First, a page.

FIONA Hyslop is being asked by a well known aristocrat to help save one of Scotland’s most important modern buildings, which a leading architect believes could be transformed into a centre inspired by the German art school Bauhaus movement.

The Marquess of Bute John Bute has written to the Culture Secretary to discuss the future of the A-listed St Peter’s Seminary in Cardross, near Dumbarton, which has lay in ruins for several decades.

In the letter he underlined the “national and international architectural importance” of the former college for trainee priests and stressed it had the potential to again become a significant asset.

Bute, a former racing car driver, backed a previous £11 million plan by Angus Farquhar, founder of the former environmental arts body NVA, to rescue the building, providing it with considerable financial assistance. However, the proposal collapsed when the arts company closed last year. He now hopes for success with a new venture and is in talks with architect Professor Alan Dunlop.

“Up until 2016 I was one of a group of funders providing finance for the development plan which had been drawn up by Angus Farquhar of NVA.

“Over the course of three years I have provided £689,000 from my foundation and £173,000 personally for asbestos removal, capital developments and the management and maintenance plan for the St Peter’s project,” Bute told Hyslop in the letter, sent last month.

“The building at Cardross is of national and international importance and I feel very strongly that with the right development plan it could be a considerable asset to the local community within the Glasgow and Clyde corridor region.

“As a Brandane and chairman of the Mount Stuart Trust I am acutely aware of the need for economic and social regeneration in Argyll and Bute, furthermore it would be a great shame and a waste if all the funding provided by myself and others was all for nothing.

“Would you be prepared to meet with Alan Dunlop and myself, as well as any other relevant parties, in order to try and devise a feasible plan for St Peter’s Seminary?”

Dunlop, a Fellow of the Royal Incorporation of Architects in Scotland and the Royal Society of Arts, believes the building could be transformed into a residential centre to support artists, designers and writers from Scotland and around the world.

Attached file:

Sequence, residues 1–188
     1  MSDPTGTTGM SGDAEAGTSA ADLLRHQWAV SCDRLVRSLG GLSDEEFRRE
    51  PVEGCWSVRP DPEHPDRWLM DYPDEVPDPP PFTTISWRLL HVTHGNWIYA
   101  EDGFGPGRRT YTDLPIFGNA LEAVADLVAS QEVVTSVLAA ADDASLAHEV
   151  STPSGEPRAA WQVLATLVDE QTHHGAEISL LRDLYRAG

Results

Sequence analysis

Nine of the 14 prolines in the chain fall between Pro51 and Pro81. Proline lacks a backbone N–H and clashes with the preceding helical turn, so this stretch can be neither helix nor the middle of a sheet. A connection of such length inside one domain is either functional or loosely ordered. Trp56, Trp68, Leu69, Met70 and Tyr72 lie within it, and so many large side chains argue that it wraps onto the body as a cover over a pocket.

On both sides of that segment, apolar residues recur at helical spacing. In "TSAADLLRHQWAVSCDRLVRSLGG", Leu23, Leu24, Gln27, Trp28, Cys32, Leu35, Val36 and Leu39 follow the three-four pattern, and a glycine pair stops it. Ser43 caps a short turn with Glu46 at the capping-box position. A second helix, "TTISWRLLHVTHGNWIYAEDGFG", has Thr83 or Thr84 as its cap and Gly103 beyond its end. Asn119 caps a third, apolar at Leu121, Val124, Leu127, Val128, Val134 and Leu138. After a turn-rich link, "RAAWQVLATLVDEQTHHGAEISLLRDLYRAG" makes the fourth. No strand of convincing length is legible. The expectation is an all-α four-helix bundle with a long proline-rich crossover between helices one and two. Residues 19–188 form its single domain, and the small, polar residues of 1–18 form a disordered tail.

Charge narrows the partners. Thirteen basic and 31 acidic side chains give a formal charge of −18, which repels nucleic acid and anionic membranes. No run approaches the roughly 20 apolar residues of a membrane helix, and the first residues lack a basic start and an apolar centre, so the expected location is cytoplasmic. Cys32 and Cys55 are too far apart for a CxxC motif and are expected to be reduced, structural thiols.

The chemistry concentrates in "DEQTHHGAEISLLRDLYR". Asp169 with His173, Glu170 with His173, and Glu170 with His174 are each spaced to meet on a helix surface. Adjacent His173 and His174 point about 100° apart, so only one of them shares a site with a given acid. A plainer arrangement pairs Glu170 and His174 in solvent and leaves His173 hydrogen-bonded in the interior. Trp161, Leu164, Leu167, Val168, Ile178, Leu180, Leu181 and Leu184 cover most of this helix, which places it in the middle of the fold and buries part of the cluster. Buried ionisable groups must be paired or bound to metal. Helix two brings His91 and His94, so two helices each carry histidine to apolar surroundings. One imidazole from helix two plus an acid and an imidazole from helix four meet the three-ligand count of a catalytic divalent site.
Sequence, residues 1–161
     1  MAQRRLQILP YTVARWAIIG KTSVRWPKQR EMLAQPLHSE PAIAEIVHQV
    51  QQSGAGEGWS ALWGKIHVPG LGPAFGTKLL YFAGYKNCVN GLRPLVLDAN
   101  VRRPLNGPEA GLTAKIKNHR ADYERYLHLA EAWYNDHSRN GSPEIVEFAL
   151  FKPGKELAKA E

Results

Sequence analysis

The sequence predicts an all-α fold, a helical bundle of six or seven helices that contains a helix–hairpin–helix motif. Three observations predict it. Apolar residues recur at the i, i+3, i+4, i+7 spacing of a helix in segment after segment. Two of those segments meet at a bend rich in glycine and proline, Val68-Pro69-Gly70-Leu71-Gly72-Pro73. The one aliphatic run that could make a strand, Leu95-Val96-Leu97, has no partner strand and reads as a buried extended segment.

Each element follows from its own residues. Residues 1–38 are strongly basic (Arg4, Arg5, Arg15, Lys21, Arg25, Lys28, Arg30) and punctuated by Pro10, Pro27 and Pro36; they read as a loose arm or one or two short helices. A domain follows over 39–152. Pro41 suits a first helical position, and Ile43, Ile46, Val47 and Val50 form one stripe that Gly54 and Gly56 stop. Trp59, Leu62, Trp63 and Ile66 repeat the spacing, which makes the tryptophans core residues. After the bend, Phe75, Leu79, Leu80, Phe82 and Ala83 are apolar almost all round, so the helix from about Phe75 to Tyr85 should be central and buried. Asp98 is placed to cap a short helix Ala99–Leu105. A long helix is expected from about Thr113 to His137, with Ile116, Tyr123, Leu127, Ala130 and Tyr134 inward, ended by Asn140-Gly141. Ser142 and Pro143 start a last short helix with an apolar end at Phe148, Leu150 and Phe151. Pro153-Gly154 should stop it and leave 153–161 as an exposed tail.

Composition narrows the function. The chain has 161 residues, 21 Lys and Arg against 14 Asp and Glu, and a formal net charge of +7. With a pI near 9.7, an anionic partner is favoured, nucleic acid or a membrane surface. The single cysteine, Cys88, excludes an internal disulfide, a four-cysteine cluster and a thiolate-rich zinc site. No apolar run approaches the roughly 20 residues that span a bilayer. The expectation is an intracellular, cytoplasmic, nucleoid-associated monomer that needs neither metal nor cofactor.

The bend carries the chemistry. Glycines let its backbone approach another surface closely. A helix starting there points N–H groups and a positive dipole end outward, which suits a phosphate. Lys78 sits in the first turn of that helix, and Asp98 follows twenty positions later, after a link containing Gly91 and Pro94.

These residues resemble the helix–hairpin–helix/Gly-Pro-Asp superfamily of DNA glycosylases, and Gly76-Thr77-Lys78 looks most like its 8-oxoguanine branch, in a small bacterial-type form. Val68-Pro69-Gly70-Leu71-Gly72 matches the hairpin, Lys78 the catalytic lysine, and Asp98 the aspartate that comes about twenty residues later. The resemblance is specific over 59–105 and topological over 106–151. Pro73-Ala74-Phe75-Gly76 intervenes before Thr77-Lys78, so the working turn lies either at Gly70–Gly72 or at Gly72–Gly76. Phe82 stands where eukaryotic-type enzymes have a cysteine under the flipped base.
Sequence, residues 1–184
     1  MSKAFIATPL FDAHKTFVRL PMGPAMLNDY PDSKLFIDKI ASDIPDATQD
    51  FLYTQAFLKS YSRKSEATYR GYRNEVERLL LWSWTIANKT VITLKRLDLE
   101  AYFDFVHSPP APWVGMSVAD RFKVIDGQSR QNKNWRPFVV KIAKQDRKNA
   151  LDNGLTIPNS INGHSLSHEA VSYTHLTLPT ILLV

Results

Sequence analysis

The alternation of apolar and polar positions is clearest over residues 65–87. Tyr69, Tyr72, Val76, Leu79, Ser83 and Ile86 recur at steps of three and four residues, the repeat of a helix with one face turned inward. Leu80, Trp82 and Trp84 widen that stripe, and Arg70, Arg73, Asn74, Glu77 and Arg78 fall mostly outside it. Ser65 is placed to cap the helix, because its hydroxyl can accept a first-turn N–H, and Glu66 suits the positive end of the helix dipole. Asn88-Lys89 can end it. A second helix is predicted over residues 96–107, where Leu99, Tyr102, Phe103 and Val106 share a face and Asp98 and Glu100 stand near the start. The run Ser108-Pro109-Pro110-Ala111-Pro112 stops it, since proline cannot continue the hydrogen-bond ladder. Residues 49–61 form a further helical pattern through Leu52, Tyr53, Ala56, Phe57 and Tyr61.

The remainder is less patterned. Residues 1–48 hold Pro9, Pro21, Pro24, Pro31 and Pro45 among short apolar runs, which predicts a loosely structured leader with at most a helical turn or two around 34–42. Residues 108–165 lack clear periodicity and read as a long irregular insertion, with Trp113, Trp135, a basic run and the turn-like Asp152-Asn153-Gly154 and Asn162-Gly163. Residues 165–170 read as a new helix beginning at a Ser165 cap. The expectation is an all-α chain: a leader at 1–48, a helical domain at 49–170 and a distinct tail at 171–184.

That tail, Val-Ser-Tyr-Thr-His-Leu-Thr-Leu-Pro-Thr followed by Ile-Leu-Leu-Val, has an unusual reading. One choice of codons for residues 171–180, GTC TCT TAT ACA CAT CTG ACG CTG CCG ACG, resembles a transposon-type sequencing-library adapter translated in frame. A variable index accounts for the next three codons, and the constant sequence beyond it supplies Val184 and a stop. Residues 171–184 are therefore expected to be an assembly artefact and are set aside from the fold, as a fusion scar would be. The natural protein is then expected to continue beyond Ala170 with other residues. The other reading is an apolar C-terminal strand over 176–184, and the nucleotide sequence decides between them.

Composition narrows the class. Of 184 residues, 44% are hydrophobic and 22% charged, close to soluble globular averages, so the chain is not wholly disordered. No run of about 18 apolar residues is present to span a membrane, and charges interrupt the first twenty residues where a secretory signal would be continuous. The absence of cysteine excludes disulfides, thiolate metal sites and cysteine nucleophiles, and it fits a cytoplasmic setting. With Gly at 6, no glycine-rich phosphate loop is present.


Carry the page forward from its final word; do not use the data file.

He said the facility could be modelled on the Bauhaus movement which brought under one roof its approach to the arts, architecture, design and craft, and which marks the centenary anniversary of its birth this year.

“There is no reason why the building could not be converted from a seminary to something like a Scottish Bauhaus Centre. I don’t see any reason why it should not be put forward as a proposition for the redevelopment of the site,” said Dunlop.

“The cultural benefit could be long, long lasting. I would like to reset the focus we have in Scotland at the moment which is all about ‘how much will it cost?’.

“I know the issue of money will be raised and people will ask ‘how can we afford it?’ but we need to balance that with what the cultural benefit of such a project would be and I believe bringing this building back into use would help promote Scotland and Scottish cultural throughout the world.”

Designed by renowned Scottish architects Isi Metzstein and Andy MacMillan, St Peter’s Seminary was completed in 1966. The building came to be considered a modernist masterpiece but its working lifetime was short and when the number of trainee priests fell, the seminary was deconsecrated in 1980.

Since then, it has been degraded by fire, rain and vandalism, but it still regularly attracts visits from architecture students and aficionados from around the world.

Its importance was recognised in 1992 when the seminary was Category A listed by Historic Scotland. The World Monument Fund has it scheduled as one of the world’s most endangered cultural landmarks. St Peter’s is owned by the Catholic Church which has described it as an “albatross” around its neck which it cannot give away.

NVA staged the Hinterland project in the ruins in 2016 and made a film with acclaimed artist Rachel Maclean, but the long-term project it was behind to transform the ruins into a cultural centre and performance space came to a halt last year.

The arts company had spent £2.3m on the building, and organised a series of works, including removing hazardous waste and asbestos, the restoration of 80 vaults, improving paths, clearing away rhododendron plants, as well as other woodland management in the 104-acre site. When NVA announced it was to close last year Hyslop asked Historic Environment Scotland to study potential uses. It is understood the report has been sent to her.

A Scottish Governmentspokesperson said: “In the first instance, the future of the building is a matter for the Archdiocese of Glasgow, who own the building. Scottish Ministers asked Historic Environment Scotland for advice on potential options for the future of the former seminary and the wider site. This is under consideration.”